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Date: 18 Dec 2010 16:50:27
Title: Gone fishing

16:53.21N 24:58.48W

 

Thursday 16th, Friday 17th and Sat 18th (morning)

 

Arrived at Sao Vincente Island in the Cape Verde island Archipelago at 0800 hrs UT o Saturday 18th Dec.

 

Thursday dawned with the sea a lot calmer and a good fresh breeze blowing from the north west. We were making a good 6 + knots through the water under our full cutter rig and around 1000 hrs Sarah announced that we could try a bit of fishing again! We put out just the one line and 3 minutes later the rod was bent double and the line was screaming out against the drum brake.

 

We had to furl the stay sail and let the main fly to try to slow Serafina down to allow us to play and recover the fish, which proved pretty exciting. We managed to reduce our speed down to 3 knots and Robert F and I watched in awe as a big Mahi Mahi leapt from the sea about 60 metres behind us. As I wound the line in further, the fish on the end (a beautifully bright coloured Mahi Mahi) also leapt out clear of the water along with its mate again. Finally we brought the captured fish aboard and were delighted to have a 5 kg Mahi Mahi. We will be posting a photo shortly at www.rhbell.com but sadly their colour subdues dramatically after death.

 

The wind continued to blow steadily all day and we were rewarded with some superb sailing and managed to put a load of miles under our belts.

 

Sadly Friday saw all the wind die away again and careful calculations showed that we had no chance of arriving at Mindelo, Sao Vicente Island before the late evening, so we shortened sail and settled down to a slow day sailing and occasionally motor sailing so that we would arrive in the Cape Verde Islands at dawn on Saturday. This made for a long tedious day and since R & J now knew they had to return to UK (and work) they got Joyce’s son, Thomas, to book them flights home which were arranged for Monday 20thDec. Since Robert F really wanted to catch a fish himself, we put our both lines all day but sadly we caught nothing at all (probably going too slowly now) but to make things worse, when he recovered one of the lines, he found the lure missing altogether so he genuinely now had a story of the one that got away!

 

The sea was relatively flat in that there was absolutely no wind at all through the afternoon, however the huge Atlantic rollers continued to tower over us as they bore down and then passed smoothly under us, raising us up and then dropping us down into their deep troughs. They are very impressive and rather intimidating (even without a breaking crest) as you try not to imaging what their immense power would be like in bad weather.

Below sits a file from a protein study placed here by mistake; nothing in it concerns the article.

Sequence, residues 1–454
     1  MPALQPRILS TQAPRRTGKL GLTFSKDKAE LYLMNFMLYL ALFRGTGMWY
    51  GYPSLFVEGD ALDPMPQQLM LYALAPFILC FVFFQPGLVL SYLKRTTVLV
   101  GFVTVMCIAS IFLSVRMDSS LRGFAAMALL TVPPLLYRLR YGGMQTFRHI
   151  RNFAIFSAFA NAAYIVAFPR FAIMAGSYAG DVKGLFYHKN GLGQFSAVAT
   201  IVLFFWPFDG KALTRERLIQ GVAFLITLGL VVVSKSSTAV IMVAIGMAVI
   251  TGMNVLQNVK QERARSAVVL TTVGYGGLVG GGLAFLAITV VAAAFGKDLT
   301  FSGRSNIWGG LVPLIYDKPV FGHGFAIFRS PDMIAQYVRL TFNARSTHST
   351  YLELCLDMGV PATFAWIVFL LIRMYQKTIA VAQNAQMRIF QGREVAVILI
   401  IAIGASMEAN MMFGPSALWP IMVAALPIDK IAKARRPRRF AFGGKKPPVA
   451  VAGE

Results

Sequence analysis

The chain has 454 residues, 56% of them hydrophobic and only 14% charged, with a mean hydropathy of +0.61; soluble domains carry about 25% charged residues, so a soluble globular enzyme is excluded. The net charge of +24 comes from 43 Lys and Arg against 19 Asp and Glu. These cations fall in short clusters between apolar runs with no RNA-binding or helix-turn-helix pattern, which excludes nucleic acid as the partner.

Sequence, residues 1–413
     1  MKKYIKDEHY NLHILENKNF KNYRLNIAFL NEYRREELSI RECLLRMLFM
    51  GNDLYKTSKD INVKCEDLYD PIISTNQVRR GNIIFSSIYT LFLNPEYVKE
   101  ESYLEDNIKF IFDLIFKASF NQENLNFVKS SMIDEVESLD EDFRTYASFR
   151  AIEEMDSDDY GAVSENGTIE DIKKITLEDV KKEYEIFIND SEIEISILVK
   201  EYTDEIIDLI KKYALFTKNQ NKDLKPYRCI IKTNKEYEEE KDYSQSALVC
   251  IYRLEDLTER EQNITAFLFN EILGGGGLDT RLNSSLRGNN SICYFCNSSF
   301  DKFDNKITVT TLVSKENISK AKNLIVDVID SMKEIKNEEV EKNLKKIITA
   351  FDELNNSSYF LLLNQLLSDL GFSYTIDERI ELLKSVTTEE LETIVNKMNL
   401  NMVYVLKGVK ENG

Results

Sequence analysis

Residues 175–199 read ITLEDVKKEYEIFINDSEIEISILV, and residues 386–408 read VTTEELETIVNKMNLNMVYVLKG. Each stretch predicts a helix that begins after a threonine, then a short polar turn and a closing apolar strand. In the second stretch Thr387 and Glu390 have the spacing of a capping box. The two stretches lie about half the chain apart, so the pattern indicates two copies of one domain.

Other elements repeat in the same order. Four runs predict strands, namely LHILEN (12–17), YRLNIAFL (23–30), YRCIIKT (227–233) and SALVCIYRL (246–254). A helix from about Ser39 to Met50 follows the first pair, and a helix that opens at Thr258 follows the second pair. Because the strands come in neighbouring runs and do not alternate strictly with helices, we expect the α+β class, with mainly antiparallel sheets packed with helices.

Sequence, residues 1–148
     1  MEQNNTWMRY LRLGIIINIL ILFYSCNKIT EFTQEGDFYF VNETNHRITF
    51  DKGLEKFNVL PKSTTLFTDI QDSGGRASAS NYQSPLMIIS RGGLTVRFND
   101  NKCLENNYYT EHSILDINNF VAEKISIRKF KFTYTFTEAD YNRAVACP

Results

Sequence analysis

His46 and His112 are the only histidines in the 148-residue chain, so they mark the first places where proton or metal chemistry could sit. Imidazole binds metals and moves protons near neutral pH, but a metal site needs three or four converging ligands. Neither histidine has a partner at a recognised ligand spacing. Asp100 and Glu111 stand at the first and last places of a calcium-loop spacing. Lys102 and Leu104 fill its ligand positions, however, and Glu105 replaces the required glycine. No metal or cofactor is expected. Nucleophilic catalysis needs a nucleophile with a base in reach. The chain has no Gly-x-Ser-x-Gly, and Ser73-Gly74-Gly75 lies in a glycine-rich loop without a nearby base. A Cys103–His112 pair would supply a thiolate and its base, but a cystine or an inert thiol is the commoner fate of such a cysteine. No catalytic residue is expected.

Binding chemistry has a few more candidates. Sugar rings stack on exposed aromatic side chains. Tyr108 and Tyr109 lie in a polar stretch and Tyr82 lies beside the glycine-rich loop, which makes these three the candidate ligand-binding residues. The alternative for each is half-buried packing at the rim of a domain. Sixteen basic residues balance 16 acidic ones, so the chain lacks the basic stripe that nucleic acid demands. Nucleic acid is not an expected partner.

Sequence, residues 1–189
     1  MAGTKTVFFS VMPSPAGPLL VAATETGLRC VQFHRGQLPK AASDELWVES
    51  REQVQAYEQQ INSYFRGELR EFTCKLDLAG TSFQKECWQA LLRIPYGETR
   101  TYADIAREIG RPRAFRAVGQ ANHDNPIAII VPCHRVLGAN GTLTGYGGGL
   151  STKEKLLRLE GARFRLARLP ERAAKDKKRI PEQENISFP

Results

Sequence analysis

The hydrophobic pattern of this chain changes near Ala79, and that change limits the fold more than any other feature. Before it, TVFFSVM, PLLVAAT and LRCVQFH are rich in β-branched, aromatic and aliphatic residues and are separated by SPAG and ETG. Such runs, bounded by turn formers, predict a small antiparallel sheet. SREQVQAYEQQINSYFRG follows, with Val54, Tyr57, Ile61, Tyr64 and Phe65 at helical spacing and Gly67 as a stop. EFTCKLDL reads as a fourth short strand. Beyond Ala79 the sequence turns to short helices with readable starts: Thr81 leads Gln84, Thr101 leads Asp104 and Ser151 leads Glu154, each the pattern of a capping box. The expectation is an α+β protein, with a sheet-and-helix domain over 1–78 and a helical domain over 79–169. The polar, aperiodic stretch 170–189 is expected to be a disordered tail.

Sarah had another visit by dolphins during her night watch– at least 18 Atlantic Spotted dolphins bow rode for over an hour.   She crept forward (this time well attached to the boat by her harness) and sat and watched them.   The sea was so glassy that the dolphins seemed to be flying rather than swimming and disturbing what appeared to be squid that fluorescently lit up.

 

A long still night meant that we all managed to sleep well on our periods off-watch and just before we dawn we approached the gap between the islands of Sao Vincente and Santo Antao. Here we saw the lights of several other yachts heading the same way and soon they all seemed to fall in behind us, trusting us to lead them in. This was a case of the blind leading the blind as we had no electronic chart to guide us, but we pressed on using the old fashioned methods of a paper chart and the Mark 1 eyeball.

 

As dawn broke we were rewarded with a fantastic view of these two dramatic and beautiful islands, one very high and across the small channel, the other much lower, as we made our way into the busy anchorage at Mindelo and on past the main port to the new ‘marina’.

 

Our calls on the VHF went unanswered but we saw Stardust (USA) anchored nearby and they confirmed that the fuel dock would open soon, so we headed in and found a member of the marina staff standing on the quay watching us approach. We tied up on the fuel pontoon and he told us that it would open in one hour and that after filling we could take any place we liked in the marina. This turned out to be a good decision by us as by the time it opened there were 5 more yachts that had followed us in all waiting for fuel and they had a further wait as we were not allowed to leave the fuel dock until Sarah, 3rd in the queue, had done the full check-in and paid for the fuel in the marina office!

 

Having topped up the tanks we moored up in the marina using their lazy lines and I headed off on foot with Joyce to find Customs and Immigration to check us and Serafina into the country and to arrange visas for R & J as they are of course now leaving the boat and flying home. As we left the secure compound of the marina we were immediately accosted by some ‘boat boys’ who want to help and show you around etc. etc. but we put them off for now. We found the Police and Immigration office about half a mile away and were very lucky to find a helpful officer sitting in the office who was prepared to help us as strictly speaking the office was shut over the weekend. We completed all the formalities in good time and returned to Serafina where we all sat down to a light lunch and ‘safe arrivals’ which was a bottle of fizzy for Sarah, Joyce and myself and an ice cold tonic for Robert F.


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